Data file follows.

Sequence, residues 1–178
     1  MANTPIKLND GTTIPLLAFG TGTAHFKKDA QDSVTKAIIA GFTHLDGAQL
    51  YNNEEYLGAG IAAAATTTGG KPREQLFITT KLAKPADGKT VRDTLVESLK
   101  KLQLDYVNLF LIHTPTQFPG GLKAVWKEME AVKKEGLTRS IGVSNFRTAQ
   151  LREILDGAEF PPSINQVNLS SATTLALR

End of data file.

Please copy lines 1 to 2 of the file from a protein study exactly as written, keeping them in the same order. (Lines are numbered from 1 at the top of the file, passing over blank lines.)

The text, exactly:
Sequence, residues 1–178
     1  MANTPIKLND GTTIPLLAFG TGTAHFKKDA QDSVTKAIIA GFTHLDGAQL